To achieve great things, two things are needed: a plan, and not quite enough time.
In May of 2019, I was hit with a dose of inspiration: I was going to start a website and blog about life after school.
I carried around a notebook at all times, and whenever I thought of a potential article, into the notebook it went. Over the course of a few weeks, I had a list of over 100 future blog articles.
The next step: Actually writing the articles. I browsed through my massive list of article titles, and started making a dent.
I bought a domain, web hosting, and planned on posting my first article at the end of August. My thought process at the time was something like:
“Now that I have a financial stake in this, there’s no way I ignore the new website and let my hard earned cash erode away on unused web hosting and an unused theme”
I thought the tens of dollars bleeding out of my checking account each month to pay for hosting and a domain would inspire me to work on this project. I deferred responsibility of my own actions and desires to a few meaningless numbers on a screen. Do I want to work on this website, or do I not?
As of late October 2019, I have a vast library of topics and about 50,000 words written, but my website remains empty.
I’ve been so scared of getting started that I have not made any progress at all. I pigeonholed myself into analysis paralysis
Instead of starting small, I didn’t start at all.
So here it is, the first article, or post on this website.
A chronicle of how my willpower has succumbed to the unstoppable force of procrastination.
So what did Leonard Bernstein really mean, in the quote above?
I was initially exposed to this quote in South Bend Mayor Pete Buttigieg’s autobiography, Shortest Way Home, where he describes his ‘1000 houses in 1000 days initiative.’
During my initial read, I foolishly interpreted the quote as sarcastic, a cruel admission that we all strive to do good in this world, but we inevitably fail to achieve our potential due to time constraints.
I often find myself struggling to complete tasks due to lack of time (at least that’s what I tell myself). If there were 25 hours in each day, surely I’d be more productive and get more things done. I would have a surplus of time to creatively approach and solve the many challenges I encounter in life. Deep inside, however, I know that’s a lie.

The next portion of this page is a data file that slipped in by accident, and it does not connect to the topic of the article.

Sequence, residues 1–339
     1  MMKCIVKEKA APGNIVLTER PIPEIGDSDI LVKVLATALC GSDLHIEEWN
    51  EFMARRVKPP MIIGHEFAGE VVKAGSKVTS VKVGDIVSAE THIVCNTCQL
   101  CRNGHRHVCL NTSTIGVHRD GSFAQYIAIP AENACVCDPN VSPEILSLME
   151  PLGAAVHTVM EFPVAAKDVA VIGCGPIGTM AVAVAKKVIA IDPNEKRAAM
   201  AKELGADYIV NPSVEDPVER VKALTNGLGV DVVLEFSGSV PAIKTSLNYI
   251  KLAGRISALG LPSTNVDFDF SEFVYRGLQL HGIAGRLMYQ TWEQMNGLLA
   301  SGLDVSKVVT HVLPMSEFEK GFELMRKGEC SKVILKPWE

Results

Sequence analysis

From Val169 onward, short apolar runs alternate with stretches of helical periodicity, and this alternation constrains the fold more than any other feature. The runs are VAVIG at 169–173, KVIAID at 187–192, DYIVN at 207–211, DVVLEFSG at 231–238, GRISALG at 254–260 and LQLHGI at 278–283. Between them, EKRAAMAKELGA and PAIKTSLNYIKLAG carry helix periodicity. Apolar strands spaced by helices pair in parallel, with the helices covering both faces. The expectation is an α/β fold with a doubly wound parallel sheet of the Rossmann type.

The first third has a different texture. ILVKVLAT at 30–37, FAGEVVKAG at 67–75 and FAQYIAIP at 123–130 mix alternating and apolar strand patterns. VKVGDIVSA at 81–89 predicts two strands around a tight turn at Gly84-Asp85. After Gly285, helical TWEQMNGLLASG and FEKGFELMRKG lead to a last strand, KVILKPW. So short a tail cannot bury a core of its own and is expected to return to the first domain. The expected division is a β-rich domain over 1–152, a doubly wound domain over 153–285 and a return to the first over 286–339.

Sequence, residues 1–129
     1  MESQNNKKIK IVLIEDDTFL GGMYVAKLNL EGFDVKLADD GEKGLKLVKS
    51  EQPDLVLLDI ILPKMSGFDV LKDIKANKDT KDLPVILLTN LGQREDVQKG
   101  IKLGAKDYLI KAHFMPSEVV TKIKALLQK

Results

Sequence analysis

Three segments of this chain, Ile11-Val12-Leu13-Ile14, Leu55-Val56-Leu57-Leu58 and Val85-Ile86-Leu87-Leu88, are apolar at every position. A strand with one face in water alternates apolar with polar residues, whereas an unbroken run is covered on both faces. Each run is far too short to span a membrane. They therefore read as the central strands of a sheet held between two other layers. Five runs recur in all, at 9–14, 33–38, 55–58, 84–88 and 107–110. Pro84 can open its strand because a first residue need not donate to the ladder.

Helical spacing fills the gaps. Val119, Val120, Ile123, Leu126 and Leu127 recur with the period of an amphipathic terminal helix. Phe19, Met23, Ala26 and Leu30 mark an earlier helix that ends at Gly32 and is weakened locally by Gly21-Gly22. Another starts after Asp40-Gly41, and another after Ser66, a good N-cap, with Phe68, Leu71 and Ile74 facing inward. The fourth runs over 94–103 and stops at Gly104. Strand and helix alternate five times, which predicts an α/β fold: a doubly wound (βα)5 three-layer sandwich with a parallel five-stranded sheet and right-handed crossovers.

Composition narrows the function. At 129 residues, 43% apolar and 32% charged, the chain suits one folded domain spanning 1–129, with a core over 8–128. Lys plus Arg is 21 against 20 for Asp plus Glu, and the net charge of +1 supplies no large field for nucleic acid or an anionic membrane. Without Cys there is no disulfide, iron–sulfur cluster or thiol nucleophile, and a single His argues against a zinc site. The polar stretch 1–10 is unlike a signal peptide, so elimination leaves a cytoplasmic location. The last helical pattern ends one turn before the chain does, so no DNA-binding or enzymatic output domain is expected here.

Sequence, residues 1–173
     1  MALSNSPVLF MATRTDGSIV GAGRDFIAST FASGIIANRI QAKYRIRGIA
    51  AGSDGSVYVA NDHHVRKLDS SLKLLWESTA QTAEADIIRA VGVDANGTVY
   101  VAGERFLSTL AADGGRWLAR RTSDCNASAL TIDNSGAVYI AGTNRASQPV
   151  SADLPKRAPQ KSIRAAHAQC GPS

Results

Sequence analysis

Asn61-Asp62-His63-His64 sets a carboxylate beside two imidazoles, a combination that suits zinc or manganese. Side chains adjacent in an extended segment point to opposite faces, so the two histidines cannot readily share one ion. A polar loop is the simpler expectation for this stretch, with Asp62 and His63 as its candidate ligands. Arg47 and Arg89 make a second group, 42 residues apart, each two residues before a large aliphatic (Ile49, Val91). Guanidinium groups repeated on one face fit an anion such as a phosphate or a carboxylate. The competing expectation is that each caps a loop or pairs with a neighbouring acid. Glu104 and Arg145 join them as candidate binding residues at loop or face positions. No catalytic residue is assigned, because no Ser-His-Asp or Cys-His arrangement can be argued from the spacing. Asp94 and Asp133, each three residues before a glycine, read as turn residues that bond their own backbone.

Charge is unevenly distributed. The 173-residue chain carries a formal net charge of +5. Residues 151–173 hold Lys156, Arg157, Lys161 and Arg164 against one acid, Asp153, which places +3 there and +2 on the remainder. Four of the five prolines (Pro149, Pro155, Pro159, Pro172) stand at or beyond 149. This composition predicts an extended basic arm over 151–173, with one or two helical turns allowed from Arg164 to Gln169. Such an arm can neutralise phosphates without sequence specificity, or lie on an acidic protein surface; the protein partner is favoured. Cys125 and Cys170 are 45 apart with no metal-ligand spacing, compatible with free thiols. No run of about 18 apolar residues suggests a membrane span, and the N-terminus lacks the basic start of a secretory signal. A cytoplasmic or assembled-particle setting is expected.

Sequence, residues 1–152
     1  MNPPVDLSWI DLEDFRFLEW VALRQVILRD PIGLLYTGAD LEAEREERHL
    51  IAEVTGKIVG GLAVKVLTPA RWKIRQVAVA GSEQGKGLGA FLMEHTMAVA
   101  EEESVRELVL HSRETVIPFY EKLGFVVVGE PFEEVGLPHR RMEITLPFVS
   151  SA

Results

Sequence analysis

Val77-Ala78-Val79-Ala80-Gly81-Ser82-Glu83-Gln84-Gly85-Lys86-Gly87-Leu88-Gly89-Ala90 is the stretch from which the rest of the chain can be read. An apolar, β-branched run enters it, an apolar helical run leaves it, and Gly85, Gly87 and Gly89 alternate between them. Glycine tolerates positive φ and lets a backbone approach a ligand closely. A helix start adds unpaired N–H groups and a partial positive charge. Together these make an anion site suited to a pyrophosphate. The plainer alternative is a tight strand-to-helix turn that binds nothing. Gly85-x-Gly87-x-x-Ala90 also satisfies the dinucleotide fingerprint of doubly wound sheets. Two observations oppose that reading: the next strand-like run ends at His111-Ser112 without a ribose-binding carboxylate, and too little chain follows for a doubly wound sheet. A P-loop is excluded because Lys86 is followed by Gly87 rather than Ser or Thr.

Leonard Bernstein certainly did end up achieving a plethora of great things in life; not in business, but in education and the arts. These great achievements were not driven by time spent leisurely awaiting inspiration, or 25 hours days. These achievements were not a result of pessimism about not having enough time.
Great achievements are a result of pressure, feeling the threat of failure as impossible tasks and deadlines continue stacking up. Perhaps Leonard Bernstein also had a nagging voice of success in the back of his head, accompanying him at all times
Procrastination: The Unfortunate Side Effect of Surplus Time
In the past few months since purchasing this domain and a hosting plan, I’ve had a significant surplus of time to accomplish great things, such as posting a single article to this website. As a result, I’ve accomplished very little.
I do work full time, but I have weekday evenings and giant blocks of time on weekends to focus on whatever I desire.
I have a massive and ongoing list of things in my personal life that I’d like to do, from taking online courses and certifications to advance my career, to gathering and donating my surplus clothes, to selling my car, to updating my resume and applying for jobs. This is just a brief snippet of the ridiculously long list of tasks I’ve created for myself.
But in creating this massive list, I’ve diluted my mental capacity and focus to the point that I’ve been ignoring the list all together.
I intimidated myself into inaction, all while having a surplus of time to tackle the many challenges staring me in the face.
Not Today, Procrastination
Today, I brought out that old list and crossed everything off of it. Except for one thing:
“Post an article, and post it today”
I created an artificial deadline for myself, and I created a specific, achievable goal. And now that goal is just about smashed.
I have finally achieved the small thing that I set myself out to do over a hundred sunrises and sunsets ago.
Building skills and improving yourself is an iterative process. So is building a website and filling it with content. And so is improving your diet, increasing the capacity of your lungs, or increasing the strength of your muscles.
Self-improvement and accomplishment is a slow, and often unnoticeable process. Things we know we need to get done are often avoided due to the discomfort addressing those things bring us.
But those responsibilities that bring us discomfort can be tackled by furthering our discomfort, with the ticking time bomb of a deadline. A timer. A challenge. A rush.
The secret to productivity and accomplishment is to put yourself under pressure. At least that’s the only way I’ve ever gotten anything done.
So get on it. Create a deadline for yourself. Set a timer, and get going on that thing that you’ve been avoiding for far too long.